Whether you are a newlywed or have been married for several years, I am sure that you would attest to the fact that your insecurities do not disappear as soon as you say, “I do.” In many cases, our insecurities are actually heightened. We start to wonder; will you still love me if I gain weight? If I lose my job? If the house isn’t cleaned? Or if dinner isn’t perfect? The list can go on and on. I know these things can run through women’s minds because they run through mine.

After my first husband left me with three small children, I was almost overtaken by the shouts of my insecurities, maybe if I was thinner or the house was cleaner or the meals were gourmet then he would have stayed. What was so wrong with me? It wasn’t until later that I realized it did not have anything to do with me. The void he was trying to fill could only be satisfied with God.

Fast forward. God brought an incredible man into the lives of my kids and me. He met everything I could have ever hoped for and more. It wasn’t long before we were married and all a family. No matter how incredible my husband is, the voices of my insecurities starting rising to the top; He can’t possibly love you, you’ve been divorced, You aren’t good enough to keep your first husband what makes you think this one will stay?

When these thoughts start creeping into your mind, the first thing you need to do is take them captive (2 Corinthians 10:5). You cannot let the enemy get this foothold in your mind. It can lead to destructive, self-defeating thoughts and a downward spiral in yourself, which can affect your relationship with your spouse. Do not let these thoughts and feelings go unchecked.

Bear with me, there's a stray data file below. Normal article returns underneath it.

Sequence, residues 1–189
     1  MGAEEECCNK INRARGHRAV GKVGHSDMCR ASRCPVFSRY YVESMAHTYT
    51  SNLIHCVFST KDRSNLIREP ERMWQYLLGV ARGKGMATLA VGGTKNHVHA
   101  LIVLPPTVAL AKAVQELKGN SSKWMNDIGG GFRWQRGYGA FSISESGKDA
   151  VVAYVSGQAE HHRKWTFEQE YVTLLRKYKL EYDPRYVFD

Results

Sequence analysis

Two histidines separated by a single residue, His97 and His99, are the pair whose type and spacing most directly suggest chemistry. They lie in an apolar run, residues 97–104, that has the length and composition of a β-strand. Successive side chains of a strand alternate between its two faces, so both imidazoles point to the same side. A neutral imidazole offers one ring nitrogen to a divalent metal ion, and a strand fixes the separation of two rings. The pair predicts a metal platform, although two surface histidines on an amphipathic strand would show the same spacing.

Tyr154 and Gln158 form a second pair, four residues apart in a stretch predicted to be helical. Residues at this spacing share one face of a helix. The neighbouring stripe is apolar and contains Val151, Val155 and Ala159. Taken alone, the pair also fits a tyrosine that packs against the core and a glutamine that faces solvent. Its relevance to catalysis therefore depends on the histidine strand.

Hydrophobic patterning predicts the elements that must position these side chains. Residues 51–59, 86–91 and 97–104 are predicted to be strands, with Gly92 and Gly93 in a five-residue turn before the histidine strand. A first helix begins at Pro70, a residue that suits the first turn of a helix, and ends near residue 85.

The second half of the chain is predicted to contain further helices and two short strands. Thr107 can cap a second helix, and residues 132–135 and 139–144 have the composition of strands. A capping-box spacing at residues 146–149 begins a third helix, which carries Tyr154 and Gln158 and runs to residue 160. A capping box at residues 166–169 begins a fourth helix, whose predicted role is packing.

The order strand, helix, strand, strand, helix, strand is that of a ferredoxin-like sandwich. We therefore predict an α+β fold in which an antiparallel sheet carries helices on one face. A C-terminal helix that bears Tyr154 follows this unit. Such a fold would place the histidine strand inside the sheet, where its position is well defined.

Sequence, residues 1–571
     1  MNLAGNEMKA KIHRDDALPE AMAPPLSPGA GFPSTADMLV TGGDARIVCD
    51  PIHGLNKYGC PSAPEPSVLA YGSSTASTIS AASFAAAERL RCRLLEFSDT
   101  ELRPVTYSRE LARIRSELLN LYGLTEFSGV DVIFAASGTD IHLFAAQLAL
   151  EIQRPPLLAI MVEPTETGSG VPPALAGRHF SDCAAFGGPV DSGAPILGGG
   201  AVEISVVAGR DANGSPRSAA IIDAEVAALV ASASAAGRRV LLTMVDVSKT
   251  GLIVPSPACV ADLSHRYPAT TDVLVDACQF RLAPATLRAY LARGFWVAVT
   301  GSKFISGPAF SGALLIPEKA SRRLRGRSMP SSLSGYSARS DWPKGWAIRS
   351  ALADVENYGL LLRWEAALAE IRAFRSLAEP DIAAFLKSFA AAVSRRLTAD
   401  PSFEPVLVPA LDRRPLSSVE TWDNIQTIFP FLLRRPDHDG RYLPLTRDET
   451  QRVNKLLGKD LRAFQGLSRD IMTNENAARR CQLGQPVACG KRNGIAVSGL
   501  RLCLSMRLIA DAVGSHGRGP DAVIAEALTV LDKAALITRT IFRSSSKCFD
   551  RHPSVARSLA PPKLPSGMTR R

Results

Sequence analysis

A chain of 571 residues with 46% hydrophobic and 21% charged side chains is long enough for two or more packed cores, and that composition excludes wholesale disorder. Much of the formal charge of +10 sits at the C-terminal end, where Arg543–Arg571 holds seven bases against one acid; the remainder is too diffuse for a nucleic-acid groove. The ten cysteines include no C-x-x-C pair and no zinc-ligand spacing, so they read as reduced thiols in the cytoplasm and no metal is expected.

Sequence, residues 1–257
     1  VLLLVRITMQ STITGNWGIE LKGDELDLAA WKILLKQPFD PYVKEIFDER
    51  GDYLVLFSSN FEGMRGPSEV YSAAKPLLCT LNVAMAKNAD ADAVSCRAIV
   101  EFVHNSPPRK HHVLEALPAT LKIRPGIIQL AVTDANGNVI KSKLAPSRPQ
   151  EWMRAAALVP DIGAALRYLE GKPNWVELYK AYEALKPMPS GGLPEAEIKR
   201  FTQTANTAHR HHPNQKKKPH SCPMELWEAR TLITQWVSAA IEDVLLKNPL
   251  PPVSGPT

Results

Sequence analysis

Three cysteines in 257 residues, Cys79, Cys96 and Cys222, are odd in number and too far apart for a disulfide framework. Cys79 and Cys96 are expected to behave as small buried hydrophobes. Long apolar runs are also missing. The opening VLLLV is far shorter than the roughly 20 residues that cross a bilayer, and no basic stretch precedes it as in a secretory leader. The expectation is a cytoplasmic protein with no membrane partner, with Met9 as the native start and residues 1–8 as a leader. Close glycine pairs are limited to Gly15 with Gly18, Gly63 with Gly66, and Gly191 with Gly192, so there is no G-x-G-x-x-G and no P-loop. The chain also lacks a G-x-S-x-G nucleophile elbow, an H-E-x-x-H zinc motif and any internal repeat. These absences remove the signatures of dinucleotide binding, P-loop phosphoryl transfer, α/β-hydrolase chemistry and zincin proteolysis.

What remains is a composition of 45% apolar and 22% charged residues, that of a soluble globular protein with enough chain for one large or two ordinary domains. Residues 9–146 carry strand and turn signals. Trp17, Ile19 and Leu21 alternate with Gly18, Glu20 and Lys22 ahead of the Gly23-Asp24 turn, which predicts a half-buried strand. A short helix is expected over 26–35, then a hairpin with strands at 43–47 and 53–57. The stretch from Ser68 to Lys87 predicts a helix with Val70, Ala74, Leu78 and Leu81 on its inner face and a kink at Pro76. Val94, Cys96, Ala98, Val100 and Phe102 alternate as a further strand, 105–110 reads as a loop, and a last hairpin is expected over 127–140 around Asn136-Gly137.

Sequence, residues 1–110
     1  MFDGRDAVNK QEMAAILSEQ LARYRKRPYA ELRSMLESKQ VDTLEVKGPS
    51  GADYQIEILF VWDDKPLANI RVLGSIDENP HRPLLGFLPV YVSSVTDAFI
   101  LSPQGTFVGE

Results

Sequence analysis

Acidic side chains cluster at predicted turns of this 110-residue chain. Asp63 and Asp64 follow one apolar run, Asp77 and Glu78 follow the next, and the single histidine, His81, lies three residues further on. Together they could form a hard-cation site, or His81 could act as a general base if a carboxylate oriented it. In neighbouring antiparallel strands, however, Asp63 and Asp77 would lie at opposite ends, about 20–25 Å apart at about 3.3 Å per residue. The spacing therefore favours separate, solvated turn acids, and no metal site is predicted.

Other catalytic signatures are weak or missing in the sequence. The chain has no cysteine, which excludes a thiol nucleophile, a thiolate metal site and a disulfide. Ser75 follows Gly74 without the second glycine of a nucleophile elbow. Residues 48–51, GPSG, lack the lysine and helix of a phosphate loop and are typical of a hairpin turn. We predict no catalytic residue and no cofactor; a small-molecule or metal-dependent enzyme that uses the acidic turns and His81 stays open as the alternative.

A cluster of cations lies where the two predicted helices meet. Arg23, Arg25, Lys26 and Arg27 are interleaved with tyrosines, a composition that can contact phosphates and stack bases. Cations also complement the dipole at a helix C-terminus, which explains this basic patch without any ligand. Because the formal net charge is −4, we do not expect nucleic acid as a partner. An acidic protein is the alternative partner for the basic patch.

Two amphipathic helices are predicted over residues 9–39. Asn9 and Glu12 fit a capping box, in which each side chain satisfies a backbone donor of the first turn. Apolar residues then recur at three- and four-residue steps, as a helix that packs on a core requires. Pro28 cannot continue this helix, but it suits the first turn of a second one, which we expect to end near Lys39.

I recommend having an open and honest conversation with your husband. He needs to know what is going on in your mind. Your husband, like mine, can reassure you that these are not true and where improvements, if any, need to be made. Communication is the key in a healthy, strong marriage.

After having a conversation with your husband, start working on replacing Satan’s lies with God’s truth. I will start you off with one truth you can claim; as soon as we call upon the name of Jesus, we are accepted by Him (1 Corinthians 1:2). As Christians, we are set apart to have a relationship with Christ. Anyone who calls on the name of Jesus has the distinction of being an accepted child of God.

Whether we care to admit it or not, being accepted is important to us. The feeling of acceptance can also be present within marriage. The key is not to get hung up on being accepted by people. Do not let this mold and shape who you are around your spouse. By doing so, you are simply putting on the mask of acceptance. He is accepting who you appear to be, not who you really are. Our Heavenly Father has graciously bestowed acceptance upon us. All we need to do is call upon His name.

Our acceptance is also seen in Acts, “And everyone who calls on the name of the Lord will be saved” (Acts 2:21 NIV). Look closely at the wording of this verse; it says everyone. Not just the good ones, or the ones who have it all together or dress a certain way or fill in the blank, but everyone.

The identity of being accepted makes me think of young children. For the most part, children do not see fat or thin, pretty or ugly, smart or dumb; they see people for whom they really are inside. Our Heavenly Father freely gives this same kind of acceptance to us. God graciously extends acceptance to anyone who calls upon His name. We might as well take down the mask we are hiding behind because God sees us and accepts up just the way we are.

Once the lies have been replaced, you will be a healthier and stronger partner in your marriage, which in turn will grow. This is not to say that dealing with insecurities is a one-time thing. Satan knows our weaknesses, but we need to be on guard and ready to disregard his lies and replace them with the Truth.

The issue of our insecurities is addressed in my book, Get REAL: Stop Hiding Behind the Mask. For more information, please check out my website,, or my facebook page,

Jamy Whitaker graduated with a degree in English from Indiana State University. She lives in Indiana, in a picturesque, rural setting, lovingly referred to as Whit-Akers, with her husband and five children. Visit to learn more about Jamy, her writing and speaking.